SINGAPORE, Mar 24 (Reuters) Most Asian currencies hit multi-week lows against the dollar on Friday, undermined by a view that the Federal Reserve would keep lifting U.S. interest rates beyond an expected increase next week.
The Taiwan dollar eased more than a third of a percent to 32.692 per U.S. dollar, its weakest level in almost three months, while the South Korean won fell to its lowest in almost two weeks at 982.0 per dollar.
The Singapore dollar and Thai baht both fell to their lowest level in 1 weeks.
The Indonesian rupiah eased to 9,145 per dollar. about 0.7 percent weaker from late Asia levels on Thursday, and below this week's 15-month highs of about 9,010 per dollar.
Weakness across Asian currency markets followed surprisingly strong U.S. housing data on Thursday that bolstered expectations for more dollar-friendly rate rises.
The U.S. Federal Reserves is widely expected to raise its key rate by a quarter point to 4.75 percent next Tuesday. It has lifted loan rates 14 times since June 2004.
''Asian currencies are weaker because there are shifting U.S. rate expectations,'' said Thio Chin Loo, a senior currency strategist at BNP Paribas.
''Commodity currencies are taking a hit and that tells us we are in a new environment where yields are heading higher.
Emerging markets are at risk if stock markets falter and interest rates rise, so there could be more volatility in Asian markets.'' News of an unexpected contraction in the New Zealand economy in the fourth quarter of 2005 triggered fresh selling in the New Zealand dollar and sent the Australian dollar to a 18-month low against its U.S. counterpart.
A rise in oil prices also weighed on Asian currencies, as the market worried about higher inflation and the impact on economic growth, dealers said.
Oil prices rose more than 3 percent on Thursday as uncertainty over Nigerian exports resurfaced and maintenance work at refineries renewed concern over U.S. fuel supply.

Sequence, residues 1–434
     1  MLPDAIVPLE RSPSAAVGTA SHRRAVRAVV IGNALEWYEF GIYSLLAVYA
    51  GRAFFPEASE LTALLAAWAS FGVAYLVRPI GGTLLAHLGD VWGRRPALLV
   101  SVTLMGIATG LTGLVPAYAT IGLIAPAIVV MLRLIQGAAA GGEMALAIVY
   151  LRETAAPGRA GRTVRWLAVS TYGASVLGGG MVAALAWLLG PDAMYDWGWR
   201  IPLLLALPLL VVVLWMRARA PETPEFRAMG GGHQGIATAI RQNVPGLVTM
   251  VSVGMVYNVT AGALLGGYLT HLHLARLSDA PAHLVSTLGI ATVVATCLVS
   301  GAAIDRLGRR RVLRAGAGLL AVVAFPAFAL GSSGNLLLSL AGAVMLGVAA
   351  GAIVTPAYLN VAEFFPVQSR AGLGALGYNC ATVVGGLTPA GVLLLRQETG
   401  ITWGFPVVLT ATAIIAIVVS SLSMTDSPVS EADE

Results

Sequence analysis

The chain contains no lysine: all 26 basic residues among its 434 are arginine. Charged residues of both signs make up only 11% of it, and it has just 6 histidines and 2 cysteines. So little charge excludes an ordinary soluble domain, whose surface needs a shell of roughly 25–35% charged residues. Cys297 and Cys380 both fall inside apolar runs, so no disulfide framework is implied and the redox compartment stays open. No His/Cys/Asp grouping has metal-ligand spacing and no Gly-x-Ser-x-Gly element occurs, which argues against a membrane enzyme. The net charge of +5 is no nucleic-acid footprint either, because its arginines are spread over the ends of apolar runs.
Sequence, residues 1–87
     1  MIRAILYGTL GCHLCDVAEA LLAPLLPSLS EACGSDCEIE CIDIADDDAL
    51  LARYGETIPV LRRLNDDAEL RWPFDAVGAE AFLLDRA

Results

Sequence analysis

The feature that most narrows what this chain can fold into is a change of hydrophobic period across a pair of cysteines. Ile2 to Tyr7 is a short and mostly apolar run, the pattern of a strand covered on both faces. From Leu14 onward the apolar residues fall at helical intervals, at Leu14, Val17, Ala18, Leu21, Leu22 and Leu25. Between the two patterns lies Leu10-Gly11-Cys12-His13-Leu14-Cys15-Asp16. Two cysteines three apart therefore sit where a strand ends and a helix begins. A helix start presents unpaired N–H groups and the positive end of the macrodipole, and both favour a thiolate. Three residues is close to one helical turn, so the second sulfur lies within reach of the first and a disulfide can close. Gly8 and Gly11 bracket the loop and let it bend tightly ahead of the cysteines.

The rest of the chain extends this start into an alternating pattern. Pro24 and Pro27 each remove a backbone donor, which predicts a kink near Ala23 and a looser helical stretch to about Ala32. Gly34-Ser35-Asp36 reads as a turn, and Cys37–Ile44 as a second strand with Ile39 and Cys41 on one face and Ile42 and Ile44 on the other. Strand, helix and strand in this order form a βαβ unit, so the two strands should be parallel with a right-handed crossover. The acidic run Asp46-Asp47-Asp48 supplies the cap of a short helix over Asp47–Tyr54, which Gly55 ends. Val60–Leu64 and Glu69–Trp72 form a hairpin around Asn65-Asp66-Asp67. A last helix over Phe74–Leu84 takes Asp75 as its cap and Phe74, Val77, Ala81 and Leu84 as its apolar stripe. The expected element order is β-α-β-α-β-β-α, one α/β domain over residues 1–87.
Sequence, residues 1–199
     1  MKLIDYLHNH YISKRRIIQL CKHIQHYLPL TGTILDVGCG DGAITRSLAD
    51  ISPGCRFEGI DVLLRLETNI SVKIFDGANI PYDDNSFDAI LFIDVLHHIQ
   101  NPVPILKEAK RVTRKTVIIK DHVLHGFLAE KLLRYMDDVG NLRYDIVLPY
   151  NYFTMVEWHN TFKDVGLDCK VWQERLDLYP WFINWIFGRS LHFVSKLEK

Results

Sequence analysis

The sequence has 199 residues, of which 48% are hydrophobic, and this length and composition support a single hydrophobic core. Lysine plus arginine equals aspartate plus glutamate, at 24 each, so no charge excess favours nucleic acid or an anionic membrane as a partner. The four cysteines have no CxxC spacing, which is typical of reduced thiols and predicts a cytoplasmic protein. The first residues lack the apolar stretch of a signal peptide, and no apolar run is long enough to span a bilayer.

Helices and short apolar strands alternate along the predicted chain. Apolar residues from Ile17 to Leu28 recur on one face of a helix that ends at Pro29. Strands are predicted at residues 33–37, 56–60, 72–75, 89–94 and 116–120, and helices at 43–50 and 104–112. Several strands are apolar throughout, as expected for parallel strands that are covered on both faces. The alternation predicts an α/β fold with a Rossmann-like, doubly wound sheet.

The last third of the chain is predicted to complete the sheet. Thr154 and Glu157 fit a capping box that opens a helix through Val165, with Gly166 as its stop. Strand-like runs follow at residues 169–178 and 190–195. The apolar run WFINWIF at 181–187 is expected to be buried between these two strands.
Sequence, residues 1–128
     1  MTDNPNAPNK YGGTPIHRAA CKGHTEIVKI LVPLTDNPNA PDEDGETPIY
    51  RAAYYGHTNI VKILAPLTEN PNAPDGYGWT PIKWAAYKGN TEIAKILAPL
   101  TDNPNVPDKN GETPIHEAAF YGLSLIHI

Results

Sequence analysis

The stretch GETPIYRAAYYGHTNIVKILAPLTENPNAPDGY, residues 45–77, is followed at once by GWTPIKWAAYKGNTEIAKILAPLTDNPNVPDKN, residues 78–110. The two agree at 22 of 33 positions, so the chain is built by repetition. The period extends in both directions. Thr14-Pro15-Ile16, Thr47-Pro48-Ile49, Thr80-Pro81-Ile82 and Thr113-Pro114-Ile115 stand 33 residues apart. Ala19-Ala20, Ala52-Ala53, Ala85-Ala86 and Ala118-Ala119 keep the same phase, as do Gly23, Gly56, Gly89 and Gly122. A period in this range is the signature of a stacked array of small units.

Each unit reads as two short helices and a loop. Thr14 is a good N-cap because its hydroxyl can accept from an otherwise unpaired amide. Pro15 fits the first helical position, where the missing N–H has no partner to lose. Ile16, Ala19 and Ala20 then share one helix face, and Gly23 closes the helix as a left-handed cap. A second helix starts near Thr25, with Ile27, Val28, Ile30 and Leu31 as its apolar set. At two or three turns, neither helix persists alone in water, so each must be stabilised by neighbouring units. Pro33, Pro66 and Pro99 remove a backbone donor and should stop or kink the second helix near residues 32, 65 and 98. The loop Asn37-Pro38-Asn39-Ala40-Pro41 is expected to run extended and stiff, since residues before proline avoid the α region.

Elsewhere, a confrontation between the United States and China over Beijing's currency policy appeared less likely after a leading Senate critic, Charles Schumer, said he was hopeful China was moving in the right direction.
Schumer and Senator Lindsay Graham are co-authors of a bill scheduled for a vote on March 31 that threatens to punish China over the currency issue. They have been holding talks with officials in Beijing this week.
The yuan has appreciated about one percent since it was revalued by 2.1 percent to 8.11 per dollar on July 21, and freed from a dollar peg to float with managed bands.
CURRENCIES VS U.S. DOLLAR Change on the day at 0250 GMT Currency Latest bid Previous day Pct Move Japan yen 117.86 116.85 -0.86 Sing dlr 1.6210 1.6169 -0.25 Taiwan dlr 32.650 32.578 -0.22 Korean won 981.30 975.60 -0.58 Baht 39.12 39.01 -0.28 Peso 51.19 51.16 -0.06 Rupiah 9112.00 9080.00 -0.35 Ringgit 3.6950 3.6895 -0.15 Yuan 8.0299 8.0277 -0.03 Change so far in 2006 Currency Latest bid End prev year Pct Move Japan yen 117.86 117.96 +0.08 Sing dlr 1.6210 1.6625 +2.56 Taiwan dlr 32.650 32.850 +0.61 Korean won 981.30 1011.60 +3.09 Baht 39.12 41.11 +5.09 Peso 51.19 53.09 +3.71 Rupiah 9112.00 9835.00 +7.93 Ringgit 3.6950 3.7790 +2.27 Yuan 8.0299 8.0702 +0.50 REUTERS CH KP1118